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Council will look at eight recommendations for spending airport/Collus sale cash

There's a staff report on the March 29 committee meeting agenda detailing recommendations for beefing up reserve funds, buying land, extending services along Heritage Drive, and paying down internal debt – the Collingwood Terminals also make the list
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Collingwood Terminals building on a bluebird day. Erika Engel/CollingwoodToday

Collingwood council will have some decisions to make at its next meeting over whether to follow staff recommendations on how to allocate the proceeds from the airport and COLLUS sale. 

A staff report on the agenda for the March 29 strategic initiatives meeting offers eight recommendations for the approximately $17.3 million reserve fund where the sale proceeds have been kept. 

The plan going to council includes the following suggestions 

  • $4 million put aside for buying land 
  • $3 million to extend municipal services and enhance Heritage Drive 
  • $1 million to pay outstanding internal loans
  • $1 million to repay a shortfall in the working capital reserve fund
  • $1 million to a reserve fund for the Collingwood hospital redevelopment
  • $885,000 for a shortfall in the waterfront master plan fund 
  • $500,000 to cover a shortage in the lifecycle replacement reserve fund
  • $6.5 million put aside in a legacy fund for investments and future projects such as terminals redevelopment, arts and culture needs, or asset management. 

A public survey conducted in November 2019 showed the top five items to gather support from respondents included: debt repayment, funding the redevelopment of the terminal building and extending services along Heritage Drive, establish reserve funds, support arts/culture/theatre, and establish an internal loan fund. 


According to a staff report prepared by the town’s treasurer, Monica Quinlan, and CAO, Sonya Skinner, the town has a total of $27 million in debt. Most of it ($17 million) is held in debentures where early payment options are costly, and would still require the town to pay the full principle and interest, even if it was paid early. 

There are also some debts that are not tax-funded, but are being paid from water rate revenue. 

The towns internal loans amount to a little more than $1 million, and there are no penalties to paying them early. They include instances where the town has borrowed money from a reserve fund to complete a capital project with the intention of putting that money back in the reserve fund over time.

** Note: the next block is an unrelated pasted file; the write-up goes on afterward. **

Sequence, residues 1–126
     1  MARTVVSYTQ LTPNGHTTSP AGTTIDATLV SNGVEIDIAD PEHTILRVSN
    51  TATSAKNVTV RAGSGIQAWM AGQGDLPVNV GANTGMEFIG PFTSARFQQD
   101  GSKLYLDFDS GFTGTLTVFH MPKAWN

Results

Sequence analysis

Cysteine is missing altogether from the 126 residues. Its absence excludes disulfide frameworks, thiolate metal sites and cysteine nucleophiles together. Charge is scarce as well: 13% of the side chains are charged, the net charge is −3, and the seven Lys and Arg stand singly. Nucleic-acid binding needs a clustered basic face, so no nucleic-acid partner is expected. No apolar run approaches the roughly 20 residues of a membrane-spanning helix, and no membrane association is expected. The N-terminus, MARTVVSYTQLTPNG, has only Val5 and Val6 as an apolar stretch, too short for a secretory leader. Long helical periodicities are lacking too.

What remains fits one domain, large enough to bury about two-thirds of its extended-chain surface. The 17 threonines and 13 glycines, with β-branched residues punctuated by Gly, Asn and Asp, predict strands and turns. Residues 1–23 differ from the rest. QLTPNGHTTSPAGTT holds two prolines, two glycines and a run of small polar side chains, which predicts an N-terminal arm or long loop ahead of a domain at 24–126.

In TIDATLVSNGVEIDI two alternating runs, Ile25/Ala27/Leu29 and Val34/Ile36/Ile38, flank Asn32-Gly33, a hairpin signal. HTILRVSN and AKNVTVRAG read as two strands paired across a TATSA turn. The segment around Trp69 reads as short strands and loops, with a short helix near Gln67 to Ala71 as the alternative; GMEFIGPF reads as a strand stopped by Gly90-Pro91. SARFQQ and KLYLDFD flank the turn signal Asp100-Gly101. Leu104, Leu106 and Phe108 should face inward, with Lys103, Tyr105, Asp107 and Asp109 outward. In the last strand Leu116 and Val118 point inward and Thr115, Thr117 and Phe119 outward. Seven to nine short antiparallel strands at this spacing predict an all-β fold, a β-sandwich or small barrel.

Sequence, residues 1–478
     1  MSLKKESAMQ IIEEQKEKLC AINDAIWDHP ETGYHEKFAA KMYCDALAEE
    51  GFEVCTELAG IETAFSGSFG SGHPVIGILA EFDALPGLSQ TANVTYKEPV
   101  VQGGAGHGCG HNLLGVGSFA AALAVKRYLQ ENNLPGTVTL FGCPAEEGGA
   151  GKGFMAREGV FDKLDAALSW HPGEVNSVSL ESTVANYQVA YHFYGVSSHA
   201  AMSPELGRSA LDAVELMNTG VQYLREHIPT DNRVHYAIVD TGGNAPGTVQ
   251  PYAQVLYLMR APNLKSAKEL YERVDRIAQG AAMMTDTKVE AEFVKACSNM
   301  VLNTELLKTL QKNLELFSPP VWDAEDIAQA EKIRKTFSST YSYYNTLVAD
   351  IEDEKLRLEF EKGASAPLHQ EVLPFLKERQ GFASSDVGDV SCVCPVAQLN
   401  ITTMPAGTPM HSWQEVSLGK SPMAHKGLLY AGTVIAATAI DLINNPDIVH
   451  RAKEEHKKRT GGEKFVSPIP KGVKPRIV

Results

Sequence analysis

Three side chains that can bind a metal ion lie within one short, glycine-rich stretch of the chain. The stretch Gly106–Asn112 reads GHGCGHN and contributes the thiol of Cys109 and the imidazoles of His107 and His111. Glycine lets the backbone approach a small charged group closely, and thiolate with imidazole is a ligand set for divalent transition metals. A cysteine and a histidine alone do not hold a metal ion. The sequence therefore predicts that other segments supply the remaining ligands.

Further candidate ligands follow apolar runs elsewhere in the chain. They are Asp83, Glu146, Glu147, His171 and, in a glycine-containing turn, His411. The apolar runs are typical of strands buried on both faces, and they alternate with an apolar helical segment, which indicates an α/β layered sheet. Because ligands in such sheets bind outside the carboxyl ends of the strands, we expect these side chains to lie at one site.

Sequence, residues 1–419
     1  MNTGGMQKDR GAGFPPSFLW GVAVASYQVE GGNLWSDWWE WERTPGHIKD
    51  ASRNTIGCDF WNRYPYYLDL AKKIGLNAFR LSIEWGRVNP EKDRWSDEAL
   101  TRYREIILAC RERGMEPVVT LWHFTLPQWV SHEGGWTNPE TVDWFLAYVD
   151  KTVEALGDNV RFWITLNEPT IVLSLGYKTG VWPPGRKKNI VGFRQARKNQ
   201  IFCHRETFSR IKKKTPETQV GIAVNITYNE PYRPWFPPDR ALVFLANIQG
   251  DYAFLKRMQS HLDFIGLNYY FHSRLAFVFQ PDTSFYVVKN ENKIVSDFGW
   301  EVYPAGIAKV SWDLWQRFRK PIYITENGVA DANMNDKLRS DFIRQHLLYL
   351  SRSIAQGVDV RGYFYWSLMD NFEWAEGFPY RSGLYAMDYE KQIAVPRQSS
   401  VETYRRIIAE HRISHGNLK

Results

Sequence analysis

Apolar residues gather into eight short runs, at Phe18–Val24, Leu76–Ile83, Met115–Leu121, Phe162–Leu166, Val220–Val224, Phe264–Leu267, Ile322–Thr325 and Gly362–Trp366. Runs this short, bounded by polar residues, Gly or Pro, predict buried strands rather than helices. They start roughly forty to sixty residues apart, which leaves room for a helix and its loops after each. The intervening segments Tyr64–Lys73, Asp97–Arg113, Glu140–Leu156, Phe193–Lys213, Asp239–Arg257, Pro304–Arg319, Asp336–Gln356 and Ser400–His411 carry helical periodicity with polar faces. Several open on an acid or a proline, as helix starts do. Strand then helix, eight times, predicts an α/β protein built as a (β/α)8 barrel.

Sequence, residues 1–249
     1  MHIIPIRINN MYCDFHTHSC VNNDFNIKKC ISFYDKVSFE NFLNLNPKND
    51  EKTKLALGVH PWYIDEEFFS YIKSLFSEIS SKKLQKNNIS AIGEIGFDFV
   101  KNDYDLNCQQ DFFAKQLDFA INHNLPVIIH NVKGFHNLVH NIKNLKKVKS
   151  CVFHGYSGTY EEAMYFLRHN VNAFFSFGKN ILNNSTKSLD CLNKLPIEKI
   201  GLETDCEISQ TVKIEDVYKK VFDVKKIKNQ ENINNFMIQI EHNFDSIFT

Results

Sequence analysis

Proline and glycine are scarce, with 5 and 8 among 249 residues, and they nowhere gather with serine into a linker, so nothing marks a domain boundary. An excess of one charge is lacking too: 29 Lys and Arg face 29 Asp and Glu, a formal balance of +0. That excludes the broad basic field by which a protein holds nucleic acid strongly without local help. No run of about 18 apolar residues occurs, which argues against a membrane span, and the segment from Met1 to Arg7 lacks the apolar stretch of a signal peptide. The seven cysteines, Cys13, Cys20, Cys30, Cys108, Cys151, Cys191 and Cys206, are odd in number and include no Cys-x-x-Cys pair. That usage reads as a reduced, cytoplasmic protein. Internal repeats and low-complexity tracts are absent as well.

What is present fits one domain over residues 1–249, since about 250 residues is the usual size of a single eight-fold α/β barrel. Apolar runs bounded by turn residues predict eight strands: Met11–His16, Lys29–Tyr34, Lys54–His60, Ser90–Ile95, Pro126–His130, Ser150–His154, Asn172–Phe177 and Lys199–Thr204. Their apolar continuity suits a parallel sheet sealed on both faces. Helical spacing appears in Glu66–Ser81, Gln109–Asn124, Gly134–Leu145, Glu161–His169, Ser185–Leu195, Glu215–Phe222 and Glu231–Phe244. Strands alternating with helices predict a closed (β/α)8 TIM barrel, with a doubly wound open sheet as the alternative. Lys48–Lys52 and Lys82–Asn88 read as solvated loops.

Terminals/Heritage Drive

The town is working on a call out for bids for options to redevelop the terminals. But before the terminals can be used for more than they are (a decommissioned site) the town will have to extend water and wastewater services to the spit, which is an estimated $3 million of work.

Land acquisition 

Because the waterfront master plan and other town feasibility studies under way require land, and because land is getting harder to obtain within Collingwood’s boundaries, staff recommend spending some of the sale proceeds on property.

Legacy fund 

The staff recommendations include saving a portion of the proceeds for the proverbial irons in the fire. For example, the town is looking at the feasibility of an arts centre, and also contemplating the pros and cons of a community foundation, neither of which are "shovel-ready." The fate of the old grain elevator (terminals) building is yet undecided.

The staff report also suggests this cash could be invested and the town could use the interest over the long-term.

Reserve funds

An analysis of the town’s reserves and reserve funds (savings) indicated they were underfunded by about $897K for reserves (like a contingency fund for unexpected expenses) and about $2.3 million for reserve funds (earmarked for more specific purposes such as replacing infrastructure).

Specifically, staff are recommending reserve fund contributions earmarked for the projects included in the waterfront master plan; money for a future hospital; topping up a contingency fund to be used for temporary cash shortfalls, one-time expenditures, and emergency situations; and adding to the money set aside for a provincially mandated asset management plan. The asset management plan and the corresponding fund is meant to be a safety net allowing the town to replace its assets as needed. Analysis showed this fund short by about $9 million in 2014, which lowered to a $1 million shortfall in 2017.

To read the full staff report headed to council’s committee on March 29, click here. 

You can attend the virtual meeting via Zoom, or watch it streamed live on YouTube. For instructions on how to do both, click here.

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Erika Engel

About the Author: Erika Engel

Erika regularly covers all things news in Collingwood as a reporter and editor. She has 15 years of experience as a local journalist
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